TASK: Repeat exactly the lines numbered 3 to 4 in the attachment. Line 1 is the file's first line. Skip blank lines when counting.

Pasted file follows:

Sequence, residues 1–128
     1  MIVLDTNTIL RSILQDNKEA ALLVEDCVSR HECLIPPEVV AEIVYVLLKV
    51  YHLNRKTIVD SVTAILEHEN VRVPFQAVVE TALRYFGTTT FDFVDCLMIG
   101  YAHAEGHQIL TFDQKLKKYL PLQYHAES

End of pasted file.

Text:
    51  YHLNRKTIVD SVTAILEHEN VRVPFQAVVE TALRYFGTTT FDFVDCLMIG
   101  YAHAEGHQIL TFDQKLKKYL PLQYHAES